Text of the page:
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The Curious Qualities of Balance (And Some Practical Advice)

What does 'balance' mean in a relationship? How do you maintain it, and what are some of the obstacles?

What makes a balanced relationship?

Perhaps when you think of 'balance' you think of 'equality'? But since people are actually not equal in all things, a more specific idea of equality (and balance) is called for.

The kind of equality that leads to a balanced, healthy, loving relationship is the valuing of someone else's needs as equal alongside our own. This kind of equality naturally embraces people's differences, and helps there to be mutual respect - a key aspect of a healthy balance.

Balance is uneven and asymmetrical. Consider an apple and a cherry. Often thought to go well together, yet in order to balance them they would need to be combined differently. In a drink you would use more apple than cherry to balance the flavours. If you were balancing them literally then the cherry would need to be a greater distance from the fulcrum than the heavier apple. The idea is that two different things can go well together when combined in certain ways that account for those differences - and any similarities.

What this means is that very different characters, interests, or skill sets can sometimes fit well together, even though it might appear that there is a lack of balance, in terms of who is doing or saying what in a relationship.

The above leads to the realization that there is also equilibrium in balance - there is the evenness of being well matched. If two people fit together in a way that helps them both to express and satisfy their feelings and needs, whether their's are the same or differ, then they are well matched, and well balanced.

How is balance developed and maintained?

It's easier to find balance with someone else, if you can balance on your own.

This is both literally and figuratively a true statement. If you've done much partner dancing, particularly tango, you'll know it's hard work finding balance in an embrace if your partner struggles to balance on their own. If your own balance is strong, maybe you can make the dance work, but it soon gets tiring. If both you and your partner have poor balance then it can happen that you manage to balance each other, but it's a very lucky event (until you've both had more learning experience). However, if you and your partner have really worked on your own balance, then sharing balance together, even from the moment you meet, becomes so much easier and more enjoyable. It's the same in life as with tango.

Being balanced in yourself is a lot to do with taking responsibility for your own feelings and needs - while still allowing close connections and mutual support with other people.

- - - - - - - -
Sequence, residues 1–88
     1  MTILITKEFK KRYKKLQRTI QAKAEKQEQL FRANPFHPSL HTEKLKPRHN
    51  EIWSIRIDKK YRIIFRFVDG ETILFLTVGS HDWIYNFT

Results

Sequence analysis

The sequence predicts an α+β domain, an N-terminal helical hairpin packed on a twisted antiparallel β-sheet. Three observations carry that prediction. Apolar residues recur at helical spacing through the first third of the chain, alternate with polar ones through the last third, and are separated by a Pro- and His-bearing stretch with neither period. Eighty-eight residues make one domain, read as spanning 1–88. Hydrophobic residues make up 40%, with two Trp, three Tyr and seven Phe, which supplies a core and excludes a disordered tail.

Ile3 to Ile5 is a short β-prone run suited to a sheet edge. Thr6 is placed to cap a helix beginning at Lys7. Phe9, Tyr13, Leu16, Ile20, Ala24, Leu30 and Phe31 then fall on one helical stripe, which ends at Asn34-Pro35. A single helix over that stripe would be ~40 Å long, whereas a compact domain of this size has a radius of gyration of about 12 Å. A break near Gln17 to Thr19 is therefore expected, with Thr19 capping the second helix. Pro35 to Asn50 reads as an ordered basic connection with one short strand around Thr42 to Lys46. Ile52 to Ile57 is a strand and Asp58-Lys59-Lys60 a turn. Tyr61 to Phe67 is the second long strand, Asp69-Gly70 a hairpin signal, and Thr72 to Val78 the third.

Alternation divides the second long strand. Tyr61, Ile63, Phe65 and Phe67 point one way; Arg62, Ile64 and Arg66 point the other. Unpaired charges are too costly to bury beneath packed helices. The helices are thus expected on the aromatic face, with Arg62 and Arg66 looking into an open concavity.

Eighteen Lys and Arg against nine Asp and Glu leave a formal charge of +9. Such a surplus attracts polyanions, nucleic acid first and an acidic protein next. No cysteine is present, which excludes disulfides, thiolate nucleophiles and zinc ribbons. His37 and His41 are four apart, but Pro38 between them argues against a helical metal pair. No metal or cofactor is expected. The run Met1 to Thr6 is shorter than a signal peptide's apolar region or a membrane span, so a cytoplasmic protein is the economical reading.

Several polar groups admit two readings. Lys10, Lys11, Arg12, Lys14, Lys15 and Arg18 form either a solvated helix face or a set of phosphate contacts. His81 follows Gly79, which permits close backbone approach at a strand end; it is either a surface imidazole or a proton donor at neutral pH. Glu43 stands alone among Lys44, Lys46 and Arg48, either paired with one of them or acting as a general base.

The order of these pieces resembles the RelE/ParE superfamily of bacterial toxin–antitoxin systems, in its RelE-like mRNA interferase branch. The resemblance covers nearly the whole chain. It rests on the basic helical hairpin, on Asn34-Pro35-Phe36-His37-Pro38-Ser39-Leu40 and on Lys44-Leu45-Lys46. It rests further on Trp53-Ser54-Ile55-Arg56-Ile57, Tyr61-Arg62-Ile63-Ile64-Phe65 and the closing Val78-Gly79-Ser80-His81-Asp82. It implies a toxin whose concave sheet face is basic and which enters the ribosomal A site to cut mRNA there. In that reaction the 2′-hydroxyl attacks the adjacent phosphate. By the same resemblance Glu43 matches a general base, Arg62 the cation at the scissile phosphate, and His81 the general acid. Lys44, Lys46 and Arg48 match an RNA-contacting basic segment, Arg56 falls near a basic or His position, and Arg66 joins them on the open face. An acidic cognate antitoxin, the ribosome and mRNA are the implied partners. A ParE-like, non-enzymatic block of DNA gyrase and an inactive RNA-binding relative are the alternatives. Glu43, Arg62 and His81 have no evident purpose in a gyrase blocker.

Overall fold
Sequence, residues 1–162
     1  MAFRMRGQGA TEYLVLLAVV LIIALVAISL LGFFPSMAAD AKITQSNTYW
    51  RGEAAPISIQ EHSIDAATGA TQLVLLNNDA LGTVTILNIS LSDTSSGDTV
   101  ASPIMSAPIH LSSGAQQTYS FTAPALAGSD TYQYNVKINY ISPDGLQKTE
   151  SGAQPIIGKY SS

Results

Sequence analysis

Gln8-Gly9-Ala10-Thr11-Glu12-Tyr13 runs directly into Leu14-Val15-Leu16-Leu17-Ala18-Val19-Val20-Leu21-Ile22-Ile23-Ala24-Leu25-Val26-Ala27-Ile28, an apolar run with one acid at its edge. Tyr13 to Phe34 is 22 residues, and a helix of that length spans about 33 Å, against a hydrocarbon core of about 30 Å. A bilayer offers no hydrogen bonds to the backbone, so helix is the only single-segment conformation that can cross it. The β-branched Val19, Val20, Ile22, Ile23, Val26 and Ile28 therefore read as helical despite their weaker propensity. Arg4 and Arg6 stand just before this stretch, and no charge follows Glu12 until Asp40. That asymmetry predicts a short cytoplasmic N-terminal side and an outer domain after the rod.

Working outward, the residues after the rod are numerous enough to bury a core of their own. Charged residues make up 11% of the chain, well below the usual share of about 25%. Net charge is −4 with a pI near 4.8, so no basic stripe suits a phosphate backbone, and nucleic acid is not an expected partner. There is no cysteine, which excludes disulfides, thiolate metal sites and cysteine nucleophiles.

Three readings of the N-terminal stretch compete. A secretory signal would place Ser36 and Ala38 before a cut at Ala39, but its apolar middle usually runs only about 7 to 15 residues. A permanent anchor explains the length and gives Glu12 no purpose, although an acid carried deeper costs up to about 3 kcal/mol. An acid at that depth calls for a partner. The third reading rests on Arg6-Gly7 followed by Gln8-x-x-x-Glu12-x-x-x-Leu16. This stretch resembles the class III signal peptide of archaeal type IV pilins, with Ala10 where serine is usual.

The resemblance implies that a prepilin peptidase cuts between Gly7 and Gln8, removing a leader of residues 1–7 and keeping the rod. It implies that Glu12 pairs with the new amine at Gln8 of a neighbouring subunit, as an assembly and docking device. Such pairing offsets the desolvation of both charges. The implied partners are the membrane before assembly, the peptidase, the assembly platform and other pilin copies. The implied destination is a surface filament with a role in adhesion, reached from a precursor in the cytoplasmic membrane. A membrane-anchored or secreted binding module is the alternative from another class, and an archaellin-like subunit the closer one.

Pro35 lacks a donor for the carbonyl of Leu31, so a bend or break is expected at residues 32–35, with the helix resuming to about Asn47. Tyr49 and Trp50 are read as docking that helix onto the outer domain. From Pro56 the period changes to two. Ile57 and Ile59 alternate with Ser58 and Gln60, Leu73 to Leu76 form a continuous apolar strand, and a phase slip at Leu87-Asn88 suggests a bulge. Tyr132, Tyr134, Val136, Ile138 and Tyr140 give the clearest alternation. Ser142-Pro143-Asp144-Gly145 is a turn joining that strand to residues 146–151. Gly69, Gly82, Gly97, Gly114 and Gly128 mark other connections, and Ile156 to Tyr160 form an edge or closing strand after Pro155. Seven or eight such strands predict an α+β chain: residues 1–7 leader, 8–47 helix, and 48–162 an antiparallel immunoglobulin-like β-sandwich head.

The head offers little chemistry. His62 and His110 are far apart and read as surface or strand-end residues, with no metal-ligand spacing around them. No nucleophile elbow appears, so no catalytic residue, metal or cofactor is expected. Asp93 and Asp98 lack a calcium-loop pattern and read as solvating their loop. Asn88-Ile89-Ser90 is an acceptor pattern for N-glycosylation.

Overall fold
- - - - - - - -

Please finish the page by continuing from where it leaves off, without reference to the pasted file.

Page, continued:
Related to the subject of responsibility is assertiveness. It would be lovely if everyone grew up valuing everyone else's needs as equal to their own (practically heaven on earth). But for various reasons, it often doesn't work out that way. That's why, if you'd like to build a balanced relationship, it's crucial to be assertive about your own needs.

Being assertive is not about being aggressive. It's about taking full control of yourself (not giving it to anyone else) - not trying to control others - and feeling confident about sharing what's important for you.

Learning to be assertive in that way helps people find and maintain that space where everyone's needs are understood and valued equally, and there is a balance of give and take. Assertiveness is valuable in relationships for other reasons too, since it generally feels good to be around confident, clear minded (yet respectful) people.

To maintain that balance of give and take in any kind of long-term partnership, flexibility and a willingness to compromise sometimes is also essential. Within the context of a balanced relationship, being willing to compromise sometimes is part of what strengthens bonds between people. (On the other hand, if you've already been neglecting your needs, then continuing to bend over backwards is unlikely to help.)

Of course a balance of give and take does not mean keeping a balance-sheet of who's turn it is to do what. It's hard for trust and warmth to develop, when the process of being flexible, helping out, or compromising becomes like book-keeping. But if that trust and warmth is really nurtured from both sides an overall balance is naturally maintained.

So, to recap, the qualities of balance and how to build it identified here are:

  • At the heart of a balanced, healthy, loving relationship is valuing the other person's needs as equal to your own.
  • Balance is different from 'equality in all things' - there is value in differences as well as similarities.
  • Sometimes what might appear like an uneven relationship is actually well balanced - opposites, or big differences in character, interests or skills are sometimes very complementary.
  • Finding balance with someone else is far easier and more likely if you have found and maintain balance in yourself.
  • Assertiveness is a key tool in finding and maintaining a balance of give and take, and helping mutual understanding and respect.
  • To keep balance in a long-term relationship, compromise is sometimes required.

Looking at that list, it's clear what a skill relationships are. The ideas are quite natural and simple (and everyone can learn). It's just the kind of thing you need to practice regularly to do well.

As for practical advice, if you think your balance in a relationship could be improved, what item(s) from the above list most resonate with you? Consider how you could bring that particular dimension of balance into your relationship(s) more. What is the first step to making that a reality? Think of something actionable, that you can do today.

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